Health Literacy Definition & Assessment
You might have heard the term “health literacy” before or at least heard of its cousin, self-advocacy, but what does health literacy really mean?
The U.S. Department of Health and Human Services defines health literacy as, “the degree to which individuals have the capacity to obtain, process, and understand basic health information and services needed to make appropriate health decisions.”
Why is this important? In order to advocate for yourself and your needs, you have to know what you need and what options are available to you in the first place. Health literacy is when the information and health services you need align with your ability to process, understand, and use that information and those services.
Can you navigate your patient portal? Do you know what questions might be helpful to ask your doctor at your next appointment? What’s the difference between a colectomy and a colostomy? Can you give an accurate account of your medical history? These are all examples of things a health literate person might know.
Health literacy speaks to the mission of The Patient Story: to humanize the medical field for cancer patients. Our founder, Stephanie Chuang says, “Websites like The Patient Story are helpful because you can find someone who underwent the same treatment you are going to need and better understand what the experience means in human terms—not medicalese.”
How health literate are you? Take our quiz below to find out.
How a patient can practice health literacy:
- Make sure you understand what your doctor is telling you and follow all of their instructions exactly for medications, at-home tests, etc.
- Ask about best practices for diet, sleep, and exercise
- Invest more time and energy into preventative health screenings and services
- Get help navigating your patient portal
- Engage with your nurse navigator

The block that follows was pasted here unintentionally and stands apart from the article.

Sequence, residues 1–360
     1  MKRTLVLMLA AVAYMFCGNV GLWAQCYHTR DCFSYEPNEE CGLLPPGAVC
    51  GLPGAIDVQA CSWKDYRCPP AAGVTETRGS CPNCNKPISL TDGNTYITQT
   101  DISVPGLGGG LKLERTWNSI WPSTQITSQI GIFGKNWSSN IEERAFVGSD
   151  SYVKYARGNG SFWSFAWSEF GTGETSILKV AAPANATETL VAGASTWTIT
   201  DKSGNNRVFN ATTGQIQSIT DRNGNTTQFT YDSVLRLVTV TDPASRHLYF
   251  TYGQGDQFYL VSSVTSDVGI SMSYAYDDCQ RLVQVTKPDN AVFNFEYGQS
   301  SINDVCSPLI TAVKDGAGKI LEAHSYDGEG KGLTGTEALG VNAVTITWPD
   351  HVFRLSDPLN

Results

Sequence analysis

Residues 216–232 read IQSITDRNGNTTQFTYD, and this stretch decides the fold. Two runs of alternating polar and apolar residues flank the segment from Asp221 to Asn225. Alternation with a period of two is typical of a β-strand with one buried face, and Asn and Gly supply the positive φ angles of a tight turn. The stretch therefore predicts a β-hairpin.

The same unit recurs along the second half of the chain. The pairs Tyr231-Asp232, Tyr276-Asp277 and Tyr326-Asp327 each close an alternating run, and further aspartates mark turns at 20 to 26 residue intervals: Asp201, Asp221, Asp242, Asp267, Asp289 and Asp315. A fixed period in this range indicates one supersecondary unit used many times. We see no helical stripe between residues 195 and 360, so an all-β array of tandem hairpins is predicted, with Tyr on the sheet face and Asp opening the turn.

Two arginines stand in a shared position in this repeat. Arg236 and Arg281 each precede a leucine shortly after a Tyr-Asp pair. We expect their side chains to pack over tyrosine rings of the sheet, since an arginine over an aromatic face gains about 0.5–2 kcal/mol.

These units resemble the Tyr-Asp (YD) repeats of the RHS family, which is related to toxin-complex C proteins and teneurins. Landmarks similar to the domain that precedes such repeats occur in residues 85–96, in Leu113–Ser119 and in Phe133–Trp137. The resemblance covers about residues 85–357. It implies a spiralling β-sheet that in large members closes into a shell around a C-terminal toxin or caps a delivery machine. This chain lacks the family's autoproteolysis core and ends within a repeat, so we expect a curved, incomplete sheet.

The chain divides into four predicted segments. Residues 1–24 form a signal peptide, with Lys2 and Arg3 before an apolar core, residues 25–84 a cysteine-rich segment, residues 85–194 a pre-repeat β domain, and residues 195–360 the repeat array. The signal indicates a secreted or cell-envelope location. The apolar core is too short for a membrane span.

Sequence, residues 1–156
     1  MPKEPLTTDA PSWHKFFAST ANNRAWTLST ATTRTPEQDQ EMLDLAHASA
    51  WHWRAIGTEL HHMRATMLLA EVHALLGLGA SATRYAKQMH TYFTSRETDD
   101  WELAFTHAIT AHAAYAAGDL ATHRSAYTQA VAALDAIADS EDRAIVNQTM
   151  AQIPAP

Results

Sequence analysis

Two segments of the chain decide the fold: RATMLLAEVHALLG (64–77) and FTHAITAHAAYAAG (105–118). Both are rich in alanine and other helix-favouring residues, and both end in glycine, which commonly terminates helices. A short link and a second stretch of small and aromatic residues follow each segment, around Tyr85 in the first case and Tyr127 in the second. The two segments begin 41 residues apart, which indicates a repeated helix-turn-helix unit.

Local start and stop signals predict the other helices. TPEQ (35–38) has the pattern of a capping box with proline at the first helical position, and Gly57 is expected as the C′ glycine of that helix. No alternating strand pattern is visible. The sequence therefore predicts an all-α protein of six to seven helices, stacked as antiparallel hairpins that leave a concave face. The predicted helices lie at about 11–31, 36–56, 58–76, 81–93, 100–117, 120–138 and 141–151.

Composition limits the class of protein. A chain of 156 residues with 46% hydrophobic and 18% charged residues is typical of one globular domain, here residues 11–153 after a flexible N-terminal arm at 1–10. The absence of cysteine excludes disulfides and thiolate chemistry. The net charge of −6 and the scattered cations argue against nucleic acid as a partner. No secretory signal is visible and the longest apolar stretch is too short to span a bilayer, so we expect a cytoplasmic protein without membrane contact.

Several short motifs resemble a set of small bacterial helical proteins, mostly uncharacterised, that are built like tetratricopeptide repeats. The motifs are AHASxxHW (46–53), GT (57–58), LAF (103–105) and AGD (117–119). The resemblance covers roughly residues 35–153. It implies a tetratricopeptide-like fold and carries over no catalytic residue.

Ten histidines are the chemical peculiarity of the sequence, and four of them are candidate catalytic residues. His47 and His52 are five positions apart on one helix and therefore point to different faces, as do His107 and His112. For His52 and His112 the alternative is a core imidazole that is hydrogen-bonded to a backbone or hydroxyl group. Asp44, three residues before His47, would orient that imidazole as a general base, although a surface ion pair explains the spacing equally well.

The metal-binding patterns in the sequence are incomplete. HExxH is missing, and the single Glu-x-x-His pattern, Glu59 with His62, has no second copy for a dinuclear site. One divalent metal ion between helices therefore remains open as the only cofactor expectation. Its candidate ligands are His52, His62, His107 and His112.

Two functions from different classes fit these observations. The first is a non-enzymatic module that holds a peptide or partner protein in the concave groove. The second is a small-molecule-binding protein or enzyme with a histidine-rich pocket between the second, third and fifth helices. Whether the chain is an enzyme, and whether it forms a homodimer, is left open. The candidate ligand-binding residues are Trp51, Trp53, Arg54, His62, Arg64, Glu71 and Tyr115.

- Know how to describe your symptoms accurately with your words
- Learn about your health coverage and other financial programs
- Get to know your disease through research
- Use the internet to find general health information and questions for your doctor
Dr. David Gregg is the Chief Medical Officer of StayWell and Krames. Dr. Gregg says that using the internet can be a place to start for general health information, but it shouldn’t be used for self-diagnosis purposes.
He recommends patients use the internet to develop questions to review with their physician, and allow their provider to offer more accurate information specific to their own health level and medical history.
How healthcare professionals can help:
- Use the “teach-back” method. Ask your patient to repeat back what they’re supposed to be doing so you know they understand you
- Ask open-ended questions rather than yes/no questions
- Offer written instructions for taking medications or at-home tests
- Simplify the language on handouts
- Speak in real, human terms and edit out the medical jargon as you talk
- Write out acronyms a patient may be unfamiliar with (WBCs = White Blood Cells)
- Use visual aids when appropriate and useful
- Pay attention to patient behavior and body language when you’re speaking with them
- Advocate for more health literacy awareness at your institution
Why does it matter?
People with low health literacy are more likely to skip preventative healthcare services and spend more time and money on treatments after they’ve already gotten sick. They are more likely to practice unsafe use of over-the-counter medications. They may even suffer from shame about their skill level or knowledge base.
The good news is these are all preventable problems. By elevating health literacy and educating patients and healthcare professionals alike on how to address the issue, we can make giving and receiving health services a smoother experience all around.
“At minimum, having a healthy level of health literacy can lead to a feeling of calm and control because there’s understanding about the situation. When you’re dealing with so much uncertainty in your life and your future, feeling like you have just a little bit more control means so much,” Chuang says.